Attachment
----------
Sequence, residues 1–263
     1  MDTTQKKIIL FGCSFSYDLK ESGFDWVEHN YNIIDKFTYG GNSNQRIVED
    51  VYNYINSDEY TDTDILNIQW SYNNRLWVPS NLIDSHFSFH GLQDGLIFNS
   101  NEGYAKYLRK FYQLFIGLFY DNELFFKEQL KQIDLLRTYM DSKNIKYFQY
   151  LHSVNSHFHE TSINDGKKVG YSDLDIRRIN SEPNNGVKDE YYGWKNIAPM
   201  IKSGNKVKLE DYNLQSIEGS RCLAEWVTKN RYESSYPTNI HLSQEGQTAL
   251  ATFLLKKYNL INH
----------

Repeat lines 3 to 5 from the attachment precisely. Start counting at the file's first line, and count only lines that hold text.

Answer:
    51  VYNYINSDEY TDTDILNIQW SYNNRLWVPS NLIDSHFSFH GLQDGLIFNS
   101  NEGYAKYLRK FYQLFIGLFY DNELFFKEQL KQIDLLRTYM DSKNIKYFQY
   151  LHSVNSHFHE TSINDGKKVG YSDLDIRRIN SEPNNGVKDE YYGWKNIAPM